It can be so easy to stay in our comfort zone, right? Especially when it comes to the workplace. We get so wrapped up in what’s familiar, what feels safe, and what’s constant that we seldom give ourselves the permission to seek out bigger and better thing. We get so afraid of the uncertainty and the potential risks that stepping beyond what we already know might bring.
Here is something to consider, though — One of the most damaging things that you can do when it comes to progressing in your career… is to stay put where you feel comfortable.
Learning how to take intentional risks is imperative when it comes to advancing in the workplace, and it’s this week’s topic on Episode 077 of Productivity Paradox. While I share some information behind risk taking in the podcast… Here, I want to share some achievable ways that you can take professional risks to get the results that you want so that you can progress in your career.
The secret to being able to take risks comes as a series of small changes to shift your mindset. Practicing these in your daily life will help you to make big decisions quickly without second-guessing yourself.
One thing I want to encourage you to do is to tell yourself a story where you are a strong person who is willing to take risks. Instead of shrinking away from the fear of failure or of uncertainty, give yourself a pep talk and the grace to change the way you view yourself so that you can turn fear on its head and start to view risks as opportunities to grow instead of as threats.
Just like you would talk yourself up to boost your confidence prior to going to an interview, convince yourself that you are strong and courageous when you’re faced with a tough decision and are considering the risks in front of you. Once you shift your mindset and start to view yourself as a risk taker, the light will begin to shift in a positive direction.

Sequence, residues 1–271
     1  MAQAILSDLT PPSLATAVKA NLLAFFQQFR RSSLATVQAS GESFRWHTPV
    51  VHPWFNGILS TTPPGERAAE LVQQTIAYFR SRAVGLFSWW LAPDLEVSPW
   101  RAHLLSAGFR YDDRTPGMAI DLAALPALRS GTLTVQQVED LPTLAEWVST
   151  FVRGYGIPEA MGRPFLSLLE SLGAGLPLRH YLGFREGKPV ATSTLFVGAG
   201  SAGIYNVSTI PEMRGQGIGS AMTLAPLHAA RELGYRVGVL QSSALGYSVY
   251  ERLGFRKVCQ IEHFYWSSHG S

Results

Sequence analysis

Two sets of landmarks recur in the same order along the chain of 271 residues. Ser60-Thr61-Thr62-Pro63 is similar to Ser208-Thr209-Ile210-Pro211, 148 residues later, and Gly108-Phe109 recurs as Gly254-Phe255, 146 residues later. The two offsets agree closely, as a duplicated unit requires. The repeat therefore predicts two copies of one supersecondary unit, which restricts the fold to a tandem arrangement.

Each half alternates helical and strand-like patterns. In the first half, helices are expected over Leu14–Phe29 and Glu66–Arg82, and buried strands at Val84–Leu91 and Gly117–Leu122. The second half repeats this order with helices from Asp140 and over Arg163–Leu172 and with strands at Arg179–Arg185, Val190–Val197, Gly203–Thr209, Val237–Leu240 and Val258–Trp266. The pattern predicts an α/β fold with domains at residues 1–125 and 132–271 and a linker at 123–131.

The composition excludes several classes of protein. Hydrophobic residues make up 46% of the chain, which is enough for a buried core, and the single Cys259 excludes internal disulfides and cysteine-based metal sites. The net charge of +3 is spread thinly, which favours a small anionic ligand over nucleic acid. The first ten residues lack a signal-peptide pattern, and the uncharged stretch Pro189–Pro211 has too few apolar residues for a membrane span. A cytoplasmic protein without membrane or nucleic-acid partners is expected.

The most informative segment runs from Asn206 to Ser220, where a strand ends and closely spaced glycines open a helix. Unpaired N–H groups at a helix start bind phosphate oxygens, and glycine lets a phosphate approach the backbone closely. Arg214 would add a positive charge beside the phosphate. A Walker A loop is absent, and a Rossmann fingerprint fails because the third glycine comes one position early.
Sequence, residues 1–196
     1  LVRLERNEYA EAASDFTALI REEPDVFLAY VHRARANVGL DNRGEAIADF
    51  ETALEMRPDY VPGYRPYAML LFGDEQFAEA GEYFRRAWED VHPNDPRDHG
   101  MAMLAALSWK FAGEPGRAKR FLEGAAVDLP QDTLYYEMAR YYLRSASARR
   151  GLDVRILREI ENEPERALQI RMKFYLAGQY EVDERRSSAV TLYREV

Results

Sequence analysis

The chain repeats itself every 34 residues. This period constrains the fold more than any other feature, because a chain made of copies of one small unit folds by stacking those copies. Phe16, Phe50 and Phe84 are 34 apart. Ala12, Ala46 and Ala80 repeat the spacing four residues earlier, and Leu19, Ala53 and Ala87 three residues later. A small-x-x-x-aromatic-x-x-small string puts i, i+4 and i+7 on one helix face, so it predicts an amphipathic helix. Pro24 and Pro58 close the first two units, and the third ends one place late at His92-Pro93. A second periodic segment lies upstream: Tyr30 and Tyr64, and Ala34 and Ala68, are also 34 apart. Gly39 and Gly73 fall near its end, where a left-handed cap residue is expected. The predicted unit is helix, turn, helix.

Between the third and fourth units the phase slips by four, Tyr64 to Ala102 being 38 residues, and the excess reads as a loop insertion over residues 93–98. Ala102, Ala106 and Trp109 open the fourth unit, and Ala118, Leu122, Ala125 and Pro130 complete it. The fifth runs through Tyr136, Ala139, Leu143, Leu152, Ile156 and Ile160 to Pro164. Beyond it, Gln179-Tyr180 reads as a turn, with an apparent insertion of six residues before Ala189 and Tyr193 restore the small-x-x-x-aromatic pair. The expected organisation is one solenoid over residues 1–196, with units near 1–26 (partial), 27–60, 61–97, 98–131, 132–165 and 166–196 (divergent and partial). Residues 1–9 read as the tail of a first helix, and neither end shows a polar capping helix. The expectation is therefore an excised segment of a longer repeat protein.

Often, our lack of confidence in ourselves when it comes to taking risks at work stems from our lack of experience or confidence in our skills.
Whatever it is that you want to do, whether it’s giving a speech or going for a promotion, start deliberately practicing to improve your skills and to gain experience.
If it’s a promotion you’re considering, do a little research into the position and figure out the necessary skills that you might need to bring to the table. If the expectations of the job extend a little beyond your current scope of responsibilities, give yourself the opportunity to explore (a risk in and of itself!)… And start practicing the skills you might need to perform in your new role.
The more confidence you can gain by learning new skills necessary to the risk you’re considering, the better and more comfortable you will feel when the time comes to jump right in and go for it.
No matter what, setting goals is the first step to actually taking risks and getting the positive outcomes that you want.
If the risk you’re taking is applying for opportunities of some kind—whether it’s jobs, grants, schools, and so on—treat submitting the application as both a goal and as success in and of itself. Even if you’re not accepted and you receive a letter of rejection, that’s still physical proof that you tried… And trying is half of the battle of taking risks!
I spoke about this back in Episode 042, but I feel that it warrants sharing again here: More often than not, we can use setbacks or rejection as motivation to keep taking risks and to keep pushing forward.
Author Elizabeth Gilbert is a great example of what I mean here. Gilbert used to collect her rejection letters as a means of giving herself the motivation to keep submitting her work to even more publications… And you know what, her determination paid off!